“Though we live a century after Herman Bavinck, the obstacles to doctrinal health that he confronted – information overload that saps spiritual vitality, a waning interest in knowledge of God, an increasing disregard for godliness – still face us today. Some of these obstacles have grown to mammoth proportions in our digital age, consumed as it is with both self-expression and self-pity.”6
Now what Carlton Wynne has articulated here is so remarkably potent that we have to stop and think about it. When he zeros in on the issue of selfism consisting both of “self-expression and self-pity” – we can hardly think of a better way of finding ourselves over the target of our times. This is definitely at the heart of the new apologetic burden that we face. Selfism is the spirit of the age! We can identify the problem today as autonomy, we can call it technocracy, we can call it pluralism, secularism, paganism, and hedonism; but make no mistake, Selfism, particularly in the West, is the air that we breath!
Speaking of the West, we can also say that Selfism is somewhat distinct in the West from other places in the world. In a communist situation, self-expression, self-identity and self-realization have a much harder time to be lived out in the real physical world, especially at the individual level. Communism really is all about people losing their identity for the greater good of the State. Their identity matters most when they see themselves assimilated into the national identity that government has predetermined for you, mostly in oppressive forms (e.g. China, North Korea).
But in the West, Selfism lives up to its name in every respect. From hedonism to self-loathing; there we have the total expression of what Carlton Wynne talks about when he speaks about either “self-expression or self-pity.” These two seemingly polar opposite ideals find their expression in a culture obsessed with hyper-sexualization or with oppressive identity politics.
Finally, Carlton Wynne reminds us that Bavinck supplies the Church with a much needed teleology (a doctrine of purpose), eschatology (future, transcendence), Reformed Trinitarianism, and Reformed Federalism:
“The wonderful works of God is medicine for those suffering from such spiritual malaise and from the phonetic pace of life. It redirects our ways outward and upward to God in all of his revealed glory. In these ways and more, this twentieth-century work speaks powerfully to twenty-first century Christians.”7
And directing our ways outward and upward to God is of course always the Christian answer. In this way, Bavinck solidifies the Reformed doctrine of the Creator/creature relation and the Creator/creature distinction- without which, we have nothing! Carlton speaks of God’s “revealed glory”- here, knowing Carlton Wynne and his knowledge of how Bavinck often forms the foundations for later theologian and apologist Cornelius Van Til, I cannot help but to think in terms of God’s immutability and the rejection of all forms of mutualism and correlativism as foundational to Reformed thought.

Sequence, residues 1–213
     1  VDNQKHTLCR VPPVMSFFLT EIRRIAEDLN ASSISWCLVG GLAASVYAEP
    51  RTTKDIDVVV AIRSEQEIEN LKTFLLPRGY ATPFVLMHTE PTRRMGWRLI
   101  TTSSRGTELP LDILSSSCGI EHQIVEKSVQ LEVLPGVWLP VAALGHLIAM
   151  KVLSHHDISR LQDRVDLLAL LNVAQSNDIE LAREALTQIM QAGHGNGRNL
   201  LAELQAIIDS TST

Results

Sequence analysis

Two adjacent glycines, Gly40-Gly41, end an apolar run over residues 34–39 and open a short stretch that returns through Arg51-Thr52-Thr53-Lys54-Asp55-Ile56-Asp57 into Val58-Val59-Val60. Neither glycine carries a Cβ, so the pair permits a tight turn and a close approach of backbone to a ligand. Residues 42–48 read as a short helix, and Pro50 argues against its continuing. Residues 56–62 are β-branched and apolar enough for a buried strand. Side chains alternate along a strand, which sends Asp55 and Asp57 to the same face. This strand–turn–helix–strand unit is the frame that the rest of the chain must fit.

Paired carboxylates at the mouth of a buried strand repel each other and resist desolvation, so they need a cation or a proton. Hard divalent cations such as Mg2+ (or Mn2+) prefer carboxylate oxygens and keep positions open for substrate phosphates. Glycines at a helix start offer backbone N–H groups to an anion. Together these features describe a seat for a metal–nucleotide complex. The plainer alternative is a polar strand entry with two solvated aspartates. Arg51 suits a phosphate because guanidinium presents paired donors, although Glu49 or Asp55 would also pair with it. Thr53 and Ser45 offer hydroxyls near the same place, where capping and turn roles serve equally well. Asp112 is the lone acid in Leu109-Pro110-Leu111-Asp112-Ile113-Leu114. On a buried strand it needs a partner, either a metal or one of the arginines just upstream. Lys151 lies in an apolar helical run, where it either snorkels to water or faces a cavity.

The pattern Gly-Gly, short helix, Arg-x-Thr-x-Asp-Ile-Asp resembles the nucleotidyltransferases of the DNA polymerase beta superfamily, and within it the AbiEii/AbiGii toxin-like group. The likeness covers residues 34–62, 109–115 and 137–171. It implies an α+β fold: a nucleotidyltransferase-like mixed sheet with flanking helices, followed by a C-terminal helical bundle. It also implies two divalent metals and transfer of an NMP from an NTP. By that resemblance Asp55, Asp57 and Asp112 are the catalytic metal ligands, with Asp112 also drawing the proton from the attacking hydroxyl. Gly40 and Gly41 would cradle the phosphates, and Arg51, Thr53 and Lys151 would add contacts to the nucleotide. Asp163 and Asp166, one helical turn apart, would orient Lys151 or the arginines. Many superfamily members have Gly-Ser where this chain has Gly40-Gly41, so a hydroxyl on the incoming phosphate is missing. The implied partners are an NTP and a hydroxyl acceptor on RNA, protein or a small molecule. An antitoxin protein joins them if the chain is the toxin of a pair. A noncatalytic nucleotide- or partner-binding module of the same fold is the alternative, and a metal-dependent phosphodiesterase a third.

It’s not just that Bavinck addresses issues relating to the doctrine of God relevant to Reformed conversations, but rather, essential to the Christian worldview. That which he develops throughout his entire theology is the immutability of God over against all other conceptions of God found in pagan religion and in secular thought as well as inconsistent Christian theology for example those proposing a hyper-relational theology weather through the condescension of Christ (that condescension taken essentially of the Being of God), or the elevation of man (that elevation leading to man’s direct appropriation of the essence of God as in Thomism and Rome’s supernaturalism). Both of those paths leading to the same mutualist error. Bavinck retains the proper doctrine of God in this respect and paves the way for other similar thoughts by Vos and Van Til and others.
All of these issues in the doctrine of God as well as covenant theology, the image of God in man, and God’s self-revelation, and biblical theology and eschatology are to be found and formulated in Bavinck’s work- these aspects of Christian thought will prove essential for equipping those Bavinck saw as “Young men and women… who are being acquainted with the frequent challenges that the Christian religion is exposed to in the present time.”
I think Herman Bavinck’s theology, which has only been translated for the English-speaking world in recent years, is a prophetic, refreshing voice in the wilderness of our times to equip the Church with a robust and Reformed Christian worldview so that we might rise to the occasion in today’s ever-changing world and give an answer to everyone who asks us concerning the heavenly hope within.
Soli Deo Gloria
1 Herman Bavinck, The Wonderful Works of God (Westminster Seminary Press, 2019).
2 Ibid, p.xviii.
3 Ibid, p.xxxii.
6 Ibid, p.xix.
7 Ibid, p.xix.